dispatches from the MIX's moonshot guides
Alexander Fleming – Playing at Work and Saving Human Lives
Sir Alexander Fleming won a Nobel Prize for his work in discovering Penicillin, perhaps one of the most important discoveries in history. He was elected to the Royal Society in 1943, knighted by King George VI in 1944 and shared the Nobel Prize for Physiology and Medicine in 1945. And he loved to play games!
In 1900, when the Boer War broke out between the United Kingdom and its colonies in southern Africa, Alexander and two brothers joined a Scottish regiment. This turned out to be as much a sporting club as anything—they honed their shooting, swimming, and even water polo skills. Ultimately chose to become a surgeon to follow his brother Tom. Fleming took top scores in the qualifying examinations, and had his choice of medical schools. He lived equally close to three different schools, and knowing little about them, chose St. Mary's because he had played water polo against them.
Since he had very good grades, he had the option to become a surgeon. But, as luck would have it, since he was a member of the rifle club, the captain of the club wanted to retain Fleming in the club and hence, he suggested that Fleming join the research department at St. Mary's. There he took up the job of an assistant bacteriologist to Sir Almroth Wright, who himself was a pioneer in vaccine therapy and immunology.[i]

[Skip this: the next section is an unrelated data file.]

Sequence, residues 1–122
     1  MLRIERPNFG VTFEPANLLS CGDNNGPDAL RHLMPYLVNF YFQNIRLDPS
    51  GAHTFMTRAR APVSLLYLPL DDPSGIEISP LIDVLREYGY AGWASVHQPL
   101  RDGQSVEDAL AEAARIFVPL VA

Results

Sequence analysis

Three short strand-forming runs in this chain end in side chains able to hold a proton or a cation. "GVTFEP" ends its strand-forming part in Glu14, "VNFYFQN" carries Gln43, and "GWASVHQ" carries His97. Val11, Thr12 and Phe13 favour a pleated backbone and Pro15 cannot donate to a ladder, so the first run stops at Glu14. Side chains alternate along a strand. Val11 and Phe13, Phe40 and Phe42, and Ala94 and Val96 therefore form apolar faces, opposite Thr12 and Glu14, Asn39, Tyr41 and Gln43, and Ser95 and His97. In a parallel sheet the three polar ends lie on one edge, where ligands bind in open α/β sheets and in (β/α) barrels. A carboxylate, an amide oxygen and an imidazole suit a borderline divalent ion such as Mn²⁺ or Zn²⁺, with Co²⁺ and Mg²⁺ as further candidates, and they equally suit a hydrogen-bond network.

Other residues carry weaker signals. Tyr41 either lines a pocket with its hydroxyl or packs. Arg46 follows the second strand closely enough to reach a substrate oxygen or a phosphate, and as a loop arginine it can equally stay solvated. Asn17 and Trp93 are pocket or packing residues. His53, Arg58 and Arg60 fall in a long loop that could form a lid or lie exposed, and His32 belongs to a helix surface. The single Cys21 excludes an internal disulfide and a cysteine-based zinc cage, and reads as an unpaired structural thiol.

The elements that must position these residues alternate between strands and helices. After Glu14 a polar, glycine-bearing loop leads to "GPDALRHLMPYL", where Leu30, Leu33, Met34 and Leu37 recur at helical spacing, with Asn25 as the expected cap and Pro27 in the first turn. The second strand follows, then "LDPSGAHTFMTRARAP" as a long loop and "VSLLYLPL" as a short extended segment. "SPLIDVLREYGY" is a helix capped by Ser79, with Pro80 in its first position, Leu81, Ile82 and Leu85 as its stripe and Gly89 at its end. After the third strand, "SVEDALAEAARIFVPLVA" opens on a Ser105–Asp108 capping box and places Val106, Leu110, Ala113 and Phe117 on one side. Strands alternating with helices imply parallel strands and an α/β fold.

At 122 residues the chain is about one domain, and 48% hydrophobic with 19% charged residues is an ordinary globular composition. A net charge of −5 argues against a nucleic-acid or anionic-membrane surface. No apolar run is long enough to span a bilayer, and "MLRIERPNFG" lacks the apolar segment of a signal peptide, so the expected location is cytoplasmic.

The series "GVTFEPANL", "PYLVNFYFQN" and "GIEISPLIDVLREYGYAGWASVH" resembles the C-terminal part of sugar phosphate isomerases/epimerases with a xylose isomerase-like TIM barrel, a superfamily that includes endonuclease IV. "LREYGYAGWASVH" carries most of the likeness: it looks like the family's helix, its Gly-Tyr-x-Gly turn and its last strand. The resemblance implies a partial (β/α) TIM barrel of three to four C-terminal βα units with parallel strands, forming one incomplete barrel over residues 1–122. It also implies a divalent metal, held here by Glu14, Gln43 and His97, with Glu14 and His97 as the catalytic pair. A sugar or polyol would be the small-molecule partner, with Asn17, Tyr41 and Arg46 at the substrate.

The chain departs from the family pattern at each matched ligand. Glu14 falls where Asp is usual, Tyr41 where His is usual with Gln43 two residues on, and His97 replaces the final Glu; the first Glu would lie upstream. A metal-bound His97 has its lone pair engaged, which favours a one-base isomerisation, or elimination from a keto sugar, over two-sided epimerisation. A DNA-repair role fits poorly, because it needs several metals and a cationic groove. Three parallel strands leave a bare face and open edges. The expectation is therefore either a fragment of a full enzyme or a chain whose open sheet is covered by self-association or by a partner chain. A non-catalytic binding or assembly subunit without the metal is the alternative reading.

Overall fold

Everyone who knew Fleming knew he loved to play[ii] – he played games of all sorts from golf to checkers to quiz games and billiards. Fleming also played at work. Sir Almorth Wright told him, “You treat research like a game. You find it all great fun”. Fleming agreed, “I play with microbes. There are, of course, many rules to this play…but when you have acquired knowledge and experience it is very pleasant to break the rules and to be able to find something nobody had thought of.”
In 1936, at the Second International Congress of Microbiology, Fleming gave 2 demonstrations. One was of Penicillium, and the second was his invention of microbe painting. You can see his work here. So we have Sir Alexander Fleming, known to all as very fond of playing, having fun, and treating work as a game – and he is also one of Time Magazine’s 100 Most Important People of the 20th Century.
These are very different times—but we have a lot to learn from Alexander Fleming and the fun and engagement he derived from his approach to work. A recent article in the Telegraph - Think Tank: Fix the workplace, not the workers talks about the value of feedback that Millenials have learned from gaming, “Consider a typical 28 year-old. From the moment she was born, her world has been rich in feedback. When she presses a button, something happens. When she plays a videogame, she gets a score. When she sends a text message, she hears a sound that confirms it went out. She's lived her whole life on a landscape lush with feedback. Yet when steps through the office door, she finds herself in a veritable feedback desert.”
The actual games may have changed—but the lessons are still powerful. Perhaps when we ask what needs to be done to create organizations that are fit for the future– and how to take the work out of work, it's as helpful to look at the past as it is to conjure the future.
[ii] Sparks of Genius, Robert and Michele Root-Bernstein